“Sometimes, you don’t know that your life was weird until you look back on it later,” Hans says with a smile as he takes a sip of coffee and sits forward in his chair. I’ve asked him to meet me at a cafe in Alameda, California to tell me about this so-called weird life of his. He’s originally from Michigan, land of freezing winters and lots of lakes. As a boy, he spent a lot time on boats and always dreamed of someday living in California.
“During the first summer I worked here,” he says, “this young blonde gal at the docks put on a wetsuit and skis and went out waterskiing–and this was at lunchtime, on a Tuesday! And I thought, I knew they were doing this type of stuff in California!”
Alameda is an island town just west of Oakland. Naturally, it’s surrounded by water and naturally, too, by boats. So how did Hans Kaufmann wind up on the docks of Alameda in the summer of ‘85? How did his love for all things nautical lead him into a life of yacht racing–a name he tisks at for being too snooty–and to meet his now-wife? How did this passion lead him into a job with CHC and lastly: what are the weird parts?
Michelle Kicherer (MK): So what was so weird about your upbringing? What were your parents like?
Hans Kaufmann (HK): Well, I grew up with three sisters…then in 1962 my dad died of cancer, quite suddenly, which left my 26-year-old mother with four little kids. And maybe because it was the sixties, or because she was so young, we really didn’t talk about that loss very much. For a while, my grandparents took us in so my mom could attend nursing school. We lived in a small, unincorporated town called Oscoda, which was right on Lake Huron. Now that was interesting. My mom dated a naval architect who built his own boat that we all sailed on. That’s where my love of sailing began. He built a small boat for me that I sailed on Whitmore Lake. For whatever reason, that relationship didn’t last.
HK: At some point, my mom was dating this guy whose wife had died of cancer, and he had five kids, so we were basically The Brady Bunch but less cheery (he laughs). As you can see from the photo, not all of us were terribly pleased.
MK: Wow, that is a lot of kids. So when you were older you moved away, or how did you first start on your career path–or boating path?
HK: When I was a kid, I bought a lawn mower from this guy for like 5 bucks and brought it home to realize it didn’t work. I messed with it for a while…then when that thing lit up, it was like wow! I mean, that really excited me…I always loved fixing things; figuring out how things worked. After high school, I worked in a factory that manufactured car parts. I got home after my first day exhausted and thought, well I don’t want to do that for 30 years. The camaraderie was enticing but it wasn’t for me.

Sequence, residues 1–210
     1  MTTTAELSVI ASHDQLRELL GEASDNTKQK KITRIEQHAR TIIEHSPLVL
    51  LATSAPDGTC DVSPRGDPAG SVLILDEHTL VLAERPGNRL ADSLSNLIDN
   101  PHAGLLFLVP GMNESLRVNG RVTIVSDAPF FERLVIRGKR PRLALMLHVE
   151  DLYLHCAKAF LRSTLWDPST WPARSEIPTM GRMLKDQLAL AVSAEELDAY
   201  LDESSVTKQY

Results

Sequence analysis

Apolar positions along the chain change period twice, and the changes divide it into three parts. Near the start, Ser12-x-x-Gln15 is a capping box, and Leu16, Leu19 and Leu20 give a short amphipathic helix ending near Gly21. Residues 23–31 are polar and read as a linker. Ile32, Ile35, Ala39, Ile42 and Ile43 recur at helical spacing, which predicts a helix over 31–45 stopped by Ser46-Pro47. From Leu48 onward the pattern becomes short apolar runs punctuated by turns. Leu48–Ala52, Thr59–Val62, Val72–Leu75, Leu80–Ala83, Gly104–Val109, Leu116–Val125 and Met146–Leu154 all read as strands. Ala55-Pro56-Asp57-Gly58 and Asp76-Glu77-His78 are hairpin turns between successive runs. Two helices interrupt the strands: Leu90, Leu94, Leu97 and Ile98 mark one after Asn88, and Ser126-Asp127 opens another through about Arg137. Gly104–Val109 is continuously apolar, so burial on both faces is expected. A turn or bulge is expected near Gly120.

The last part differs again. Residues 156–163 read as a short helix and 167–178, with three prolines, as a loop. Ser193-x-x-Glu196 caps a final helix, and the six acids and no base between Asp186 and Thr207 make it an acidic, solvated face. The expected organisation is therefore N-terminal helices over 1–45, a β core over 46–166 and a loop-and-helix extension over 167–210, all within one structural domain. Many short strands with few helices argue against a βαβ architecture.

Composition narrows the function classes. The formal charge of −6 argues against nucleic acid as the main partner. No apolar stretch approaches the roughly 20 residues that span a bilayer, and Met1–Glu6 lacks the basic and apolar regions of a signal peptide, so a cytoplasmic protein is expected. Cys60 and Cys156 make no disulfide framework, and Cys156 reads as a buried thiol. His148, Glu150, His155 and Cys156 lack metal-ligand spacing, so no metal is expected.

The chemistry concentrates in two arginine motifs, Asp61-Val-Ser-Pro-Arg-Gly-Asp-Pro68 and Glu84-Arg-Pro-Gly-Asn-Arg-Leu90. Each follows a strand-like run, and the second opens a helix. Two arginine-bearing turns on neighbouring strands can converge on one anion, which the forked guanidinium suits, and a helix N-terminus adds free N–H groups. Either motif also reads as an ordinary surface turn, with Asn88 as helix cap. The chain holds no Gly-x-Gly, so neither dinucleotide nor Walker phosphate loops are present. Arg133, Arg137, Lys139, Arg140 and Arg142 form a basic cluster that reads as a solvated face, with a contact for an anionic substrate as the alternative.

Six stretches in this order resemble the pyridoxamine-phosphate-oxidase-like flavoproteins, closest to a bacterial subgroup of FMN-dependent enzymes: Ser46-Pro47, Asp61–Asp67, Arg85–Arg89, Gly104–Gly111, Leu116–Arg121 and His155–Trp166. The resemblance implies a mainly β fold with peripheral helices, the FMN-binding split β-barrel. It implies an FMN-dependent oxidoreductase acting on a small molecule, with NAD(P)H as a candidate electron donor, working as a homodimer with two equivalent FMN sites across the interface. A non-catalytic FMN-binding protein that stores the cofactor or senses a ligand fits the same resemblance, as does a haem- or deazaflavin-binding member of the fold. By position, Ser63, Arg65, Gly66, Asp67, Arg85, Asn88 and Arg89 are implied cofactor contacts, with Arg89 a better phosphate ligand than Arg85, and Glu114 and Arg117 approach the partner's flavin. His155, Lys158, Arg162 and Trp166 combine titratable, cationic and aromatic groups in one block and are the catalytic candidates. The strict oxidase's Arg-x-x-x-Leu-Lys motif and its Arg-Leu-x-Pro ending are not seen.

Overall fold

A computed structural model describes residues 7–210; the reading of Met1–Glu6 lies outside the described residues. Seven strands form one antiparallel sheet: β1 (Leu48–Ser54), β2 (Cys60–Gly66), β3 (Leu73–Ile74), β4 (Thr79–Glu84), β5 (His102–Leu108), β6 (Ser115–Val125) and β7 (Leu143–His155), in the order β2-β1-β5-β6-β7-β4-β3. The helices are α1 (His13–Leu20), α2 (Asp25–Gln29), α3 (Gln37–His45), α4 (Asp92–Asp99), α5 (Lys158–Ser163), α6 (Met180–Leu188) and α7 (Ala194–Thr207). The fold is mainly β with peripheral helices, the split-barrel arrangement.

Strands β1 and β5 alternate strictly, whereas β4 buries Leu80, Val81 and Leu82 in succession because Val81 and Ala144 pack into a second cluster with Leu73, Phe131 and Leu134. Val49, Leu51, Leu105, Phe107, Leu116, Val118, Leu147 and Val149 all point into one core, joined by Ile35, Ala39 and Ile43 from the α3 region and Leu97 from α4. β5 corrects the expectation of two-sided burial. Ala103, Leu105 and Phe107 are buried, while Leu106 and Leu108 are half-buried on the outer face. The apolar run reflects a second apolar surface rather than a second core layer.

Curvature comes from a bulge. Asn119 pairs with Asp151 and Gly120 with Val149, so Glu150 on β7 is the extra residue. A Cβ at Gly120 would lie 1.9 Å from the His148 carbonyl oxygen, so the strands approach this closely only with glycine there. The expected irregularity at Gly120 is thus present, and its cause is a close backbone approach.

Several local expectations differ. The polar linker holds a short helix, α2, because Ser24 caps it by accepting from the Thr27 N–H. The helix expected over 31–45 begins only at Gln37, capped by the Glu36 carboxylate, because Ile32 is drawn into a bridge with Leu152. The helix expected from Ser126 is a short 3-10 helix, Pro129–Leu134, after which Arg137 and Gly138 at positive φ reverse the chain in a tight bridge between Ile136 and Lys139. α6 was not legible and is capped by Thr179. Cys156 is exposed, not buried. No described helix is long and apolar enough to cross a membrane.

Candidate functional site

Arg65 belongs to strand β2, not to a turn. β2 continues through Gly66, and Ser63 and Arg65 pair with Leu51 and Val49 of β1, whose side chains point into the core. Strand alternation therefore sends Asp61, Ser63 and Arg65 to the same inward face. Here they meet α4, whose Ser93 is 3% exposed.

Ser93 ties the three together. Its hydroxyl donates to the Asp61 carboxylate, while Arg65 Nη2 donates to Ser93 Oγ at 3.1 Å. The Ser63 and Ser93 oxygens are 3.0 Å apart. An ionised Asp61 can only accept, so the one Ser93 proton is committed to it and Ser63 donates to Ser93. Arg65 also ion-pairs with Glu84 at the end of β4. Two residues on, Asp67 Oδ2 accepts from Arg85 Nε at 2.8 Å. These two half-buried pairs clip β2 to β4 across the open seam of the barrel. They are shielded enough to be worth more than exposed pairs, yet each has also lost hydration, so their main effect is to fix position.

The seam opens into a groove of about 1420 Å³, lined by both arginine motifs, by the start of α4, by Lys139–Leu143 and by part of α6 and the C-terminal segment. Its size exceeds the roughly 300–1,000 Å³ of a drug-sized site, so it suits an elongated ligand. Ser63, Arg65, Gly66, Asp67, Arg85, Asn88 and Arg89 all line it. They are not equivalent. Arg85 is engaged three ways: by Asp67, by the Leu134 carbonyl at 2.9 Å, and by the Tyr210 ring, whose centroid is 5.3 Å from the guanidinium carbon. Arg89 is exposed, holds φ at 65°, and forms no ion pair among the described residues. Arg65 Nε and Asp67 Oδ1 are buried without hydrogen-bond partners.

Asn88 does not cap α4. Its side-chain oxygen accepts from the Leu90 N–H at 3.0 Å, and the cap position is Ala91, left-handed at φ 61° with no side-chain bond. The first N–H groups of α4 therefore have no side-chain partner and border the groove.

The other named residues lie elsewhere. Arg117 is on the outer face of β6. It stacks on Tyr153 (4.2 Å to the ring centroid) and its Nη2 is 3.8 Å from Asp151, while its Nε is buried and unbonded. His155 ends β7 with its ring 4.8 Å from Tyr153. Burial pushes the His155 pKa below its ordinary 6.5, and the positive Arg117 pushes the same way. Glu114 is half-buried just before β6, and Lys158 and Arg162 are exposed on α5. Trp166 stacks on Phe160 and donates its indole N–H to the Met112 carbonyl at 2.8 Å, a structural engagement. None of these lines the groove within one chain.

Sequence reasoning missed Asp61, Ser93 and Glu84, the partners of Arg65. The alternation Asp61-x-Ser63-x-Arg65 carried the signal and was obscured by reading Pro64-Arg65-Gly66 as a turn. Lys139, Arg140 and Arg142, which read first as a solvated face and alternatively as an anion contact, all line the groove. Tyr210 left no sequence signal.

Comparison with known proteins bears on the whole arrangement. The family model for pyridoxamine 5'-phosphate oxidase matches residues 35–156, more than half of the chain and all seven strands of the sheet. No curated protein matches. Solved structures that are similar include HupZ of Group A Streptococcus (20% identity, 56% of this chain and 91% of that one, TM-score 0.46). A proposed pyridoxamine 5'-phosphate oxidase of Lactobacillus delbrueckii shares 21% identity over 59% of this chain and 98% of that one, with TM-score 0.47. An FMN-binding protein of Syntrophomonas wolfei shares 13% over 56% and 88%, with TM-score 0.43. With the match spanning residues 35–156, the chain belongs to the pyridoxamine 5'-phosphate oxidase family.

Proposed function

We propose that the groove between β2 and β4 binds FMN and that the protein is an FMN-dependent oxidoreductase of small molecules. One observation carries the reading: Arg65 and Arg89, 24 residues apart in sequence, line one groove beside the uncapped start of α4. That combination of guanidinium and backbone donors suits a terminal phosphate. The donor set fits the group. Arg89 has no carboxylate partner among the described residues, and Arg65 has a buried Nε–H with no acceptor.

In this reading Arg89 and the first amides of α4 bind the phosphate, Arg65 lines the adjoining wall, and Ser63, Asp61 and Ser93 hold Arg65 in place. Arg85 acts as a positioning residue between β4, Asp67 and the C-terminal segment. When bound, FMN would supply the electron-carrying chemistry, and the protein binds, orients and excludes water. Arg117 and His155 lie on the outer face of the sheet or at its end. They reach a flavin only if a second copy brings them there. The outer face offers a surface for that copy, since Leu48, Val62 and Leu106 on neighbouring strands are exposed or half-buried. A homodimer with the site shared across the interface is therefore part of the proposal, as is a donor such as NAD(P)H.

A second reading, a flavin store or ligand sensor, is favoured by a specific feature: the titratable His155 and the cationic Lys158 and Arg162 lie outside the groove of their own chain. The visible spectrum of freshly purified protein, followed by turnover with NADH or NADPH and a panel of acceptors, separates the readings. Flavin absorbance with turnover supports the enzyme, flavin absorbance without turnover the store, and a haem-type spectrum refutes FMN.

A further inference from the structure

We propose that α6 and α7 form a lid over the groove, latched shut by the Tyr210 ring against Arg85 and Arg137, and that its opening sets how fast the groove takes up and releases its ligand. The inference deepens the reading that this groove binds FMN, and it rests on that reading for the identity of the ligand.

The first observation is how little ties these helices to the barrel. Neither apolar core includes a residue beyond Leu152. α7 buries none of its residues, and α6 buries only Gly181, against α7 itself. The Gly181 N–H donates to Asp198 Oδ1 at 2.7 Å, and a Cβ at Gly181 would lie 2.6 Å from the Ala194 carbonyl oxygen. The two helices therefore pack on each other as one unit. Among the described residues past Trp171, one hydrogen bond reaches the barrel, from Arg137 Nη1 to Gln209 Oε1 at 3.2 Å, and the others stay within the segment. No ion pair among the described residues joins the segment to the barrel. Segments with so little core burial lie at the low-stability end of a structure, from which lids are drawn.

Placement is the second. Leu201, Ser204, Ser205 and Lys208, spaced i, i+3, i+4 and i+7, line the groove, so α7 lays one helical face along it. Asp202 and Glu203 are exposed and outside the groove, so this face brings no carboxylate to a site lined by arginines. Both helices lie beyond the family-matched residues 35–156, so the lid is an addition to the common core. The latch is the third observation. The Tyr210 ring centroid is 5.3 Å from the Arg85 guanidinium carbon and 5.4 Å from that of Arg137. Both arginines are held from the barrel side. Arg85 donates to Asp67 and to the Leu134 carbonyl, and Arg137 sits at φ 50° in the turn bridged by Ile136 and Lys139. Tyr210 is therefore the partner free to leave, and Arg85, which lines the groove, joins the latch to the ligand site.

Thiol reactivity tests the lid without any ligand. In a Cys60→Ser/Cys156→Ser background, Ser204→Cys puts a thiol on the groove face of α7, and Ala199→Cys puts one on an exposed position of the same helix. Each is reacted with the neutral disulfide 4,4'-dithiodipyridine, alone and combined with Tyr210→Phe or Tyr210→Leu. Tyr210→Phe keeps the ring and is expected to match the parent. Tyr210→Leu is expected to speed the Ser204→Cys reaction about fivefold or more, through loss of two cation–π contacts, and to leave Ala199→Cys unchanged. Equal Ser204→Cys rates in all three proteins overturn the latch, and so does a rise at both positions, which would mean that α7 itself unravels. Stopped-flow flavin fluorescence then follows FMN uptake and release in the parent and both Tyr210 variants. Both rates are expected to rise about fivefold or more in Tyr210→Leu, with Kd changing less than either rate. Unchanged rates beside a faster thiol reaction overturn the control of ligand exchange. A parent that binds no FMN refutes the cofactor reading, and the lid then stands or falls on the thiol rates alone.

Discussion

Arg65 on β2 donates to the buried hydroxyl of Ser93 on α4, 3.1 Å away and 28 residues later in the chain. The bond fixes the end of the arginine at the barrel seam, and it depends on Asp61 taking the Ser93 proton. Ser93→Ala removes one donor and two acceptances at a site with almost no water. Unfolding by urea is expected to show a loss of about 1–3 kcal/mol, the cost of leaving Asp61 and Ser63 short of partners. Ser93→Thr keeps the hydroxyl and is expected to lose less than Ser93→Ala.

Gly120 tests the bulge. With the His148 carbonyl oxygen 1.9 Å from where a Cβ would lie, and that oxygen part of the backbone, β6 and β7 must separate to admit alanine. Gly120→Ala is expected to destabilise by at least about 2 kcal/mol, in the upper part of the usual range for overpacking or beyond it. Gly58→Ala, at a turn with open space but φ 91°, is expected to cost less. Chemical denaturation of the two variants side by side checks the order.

MK: What was for you? What led you to California?
HK: After studying engineering at Northern Michigan University, I moved to Alameda in 1985 and got a job working for NorCal Yachts. I rigged new sailboats and worked on diesel engines and thought how am I getting paid to do this? Working there is where I met BZ (short for Beatrice), my wife. I asked her out a couple of times–movies? No. dinner? No. Then I asked if she wanted to go out on a sailboat race. Yes!
MK: That’s an awesome first date! How did your work on boats lead you to working in Business Development for CHC? How do those two skill sets overlap?
HK: One of my yachting clients owned Pan Pacific Supply, in Concord. He dragged me out of the boatyard and into industrial sales. I got a lot of experience there learning all about pumps and it fit in with what I studied in college. By the time I came to CHC it was perfect because I got to work on projects that help make our customers happy but I’m not actually selling anything–I don’t walk out of their office with a PO so there’s not that pressure on them or on me, which is nice!
At this point, we move from the cafe to the docks because I want to learn more about sailboats. Hans and I stand at the gate of the marina admiring the view, the boats. I can tell he’s at home here. As we walk down the ramp and onto the docks he says over his shoulder, “See that one right there?” he points to a white boat with maroon-colored canvas and the name Main Squeeze. “That’s the first boat I took BZ on.”